“Maybe I’m projecting, but the Raka names seem very Indonesian to my eye…”
Tammy: This would be because that’s where I stole most of the raka names, fashions, language, etc., from. 😉
Tammy: I always referred to the picture I used to based Mequen on as A Man of Probity, and that’s who he always was to me. Men of probity can do well in peacetime and in a stand-up fight, but in a dirty one? It’s so much harder, particularly when the enemy wears the face of a friend. Julius Caesar wasn’t even a man of probity, and he never saw the Ides of March coming.
Tammy: Mequen’s death is strictly “shit happens,” as was Lokeij’s (a blow to that circle of the revolution). I would have happily kept both alive if the impetus of the story hadn’t demanded it. (My editor, Mallory Loehr, and my writing buddy, Bruce Coville, have both mentioned the issue that in my books people will die, and Mallory preens herself for showing me a story arc in which Sarai lives.)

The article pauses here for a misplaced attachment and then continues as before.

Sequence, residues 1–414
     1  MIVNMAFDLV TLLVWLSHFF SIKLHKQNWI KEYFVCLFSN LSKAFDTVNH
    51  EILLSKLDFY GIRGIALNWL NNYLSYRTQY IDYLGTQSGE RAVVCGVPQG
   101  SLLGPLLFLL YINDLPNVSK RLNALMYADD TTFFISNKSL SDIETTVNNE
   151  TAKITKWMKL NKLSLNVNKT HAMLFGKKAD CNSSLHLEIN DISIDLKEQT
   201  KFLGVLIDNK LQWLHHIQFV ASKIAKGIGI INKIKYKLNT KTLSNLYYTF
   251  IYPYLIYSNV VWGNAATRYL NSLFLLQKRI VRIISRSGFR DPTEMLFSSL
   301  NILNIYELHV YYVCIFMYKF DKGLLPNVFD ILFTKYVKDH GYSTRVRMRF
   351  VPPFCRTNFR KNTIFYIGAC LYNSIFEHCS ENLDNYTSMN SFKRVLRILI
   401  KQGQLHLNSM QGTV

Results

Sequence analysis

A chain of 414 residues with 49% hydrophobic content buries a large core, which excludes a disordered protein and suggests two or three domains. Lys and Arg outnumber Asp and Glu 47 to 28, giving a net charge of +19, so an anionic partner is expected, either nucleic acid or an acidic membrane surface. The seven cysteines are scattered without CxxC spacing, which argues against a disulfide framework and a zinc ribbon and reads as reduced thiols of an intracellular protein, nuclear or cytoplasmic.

Bronau, like Tom Seymour, is out of control at this point with frustration and greed for power, and he knows Rubinyan is hard on his tail, with prison keys, if not the executioner’s axe, in hand. The only way he can survive is to get his hands on Sarai.
And this is the point where the mortal events do tumble forward, out of any god’s control. It’s taken decades for things to build to this. Now the explosive reaction needs only the Balitangs to return to Rajmuat to begin. After that, Kyprioth will control elements — I had to do some fast talking with Bruce, on whom I based Kyprioth, when the god decided to intercede and take care of the boys, because Bruce, a kids’ writer, loves kids — but he has no more control over the greater picture than Aly at that point.